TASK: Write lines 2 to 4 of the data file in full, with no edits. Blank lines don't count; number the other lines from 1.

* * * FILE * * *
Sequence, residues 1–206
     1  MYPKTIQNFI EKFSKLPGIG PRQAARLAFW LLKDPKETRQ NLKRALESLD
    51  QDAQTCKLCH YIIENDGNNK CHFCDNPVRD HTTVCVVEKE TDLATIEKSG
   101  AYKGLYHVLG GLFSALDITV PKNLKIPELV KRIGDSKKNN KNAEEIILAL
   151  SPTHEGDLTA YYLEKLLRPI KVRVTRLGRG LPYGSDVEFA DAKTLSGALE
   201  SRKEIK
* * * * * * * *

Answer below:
     1  MYPKTIQNFI EKFSKLPGIG PRQAARLAFW LLKDPKETRQ NLKRALESLD
    51  QDAQTCKLCH YIIENDGNNK CHFCDNPVRD HTTVCVVEKE TDLATIEKSG
   101  AYKGLYHVLG GLFSALDITV PKNLKIPELV KRIGDSKKNN KNAEEIILAL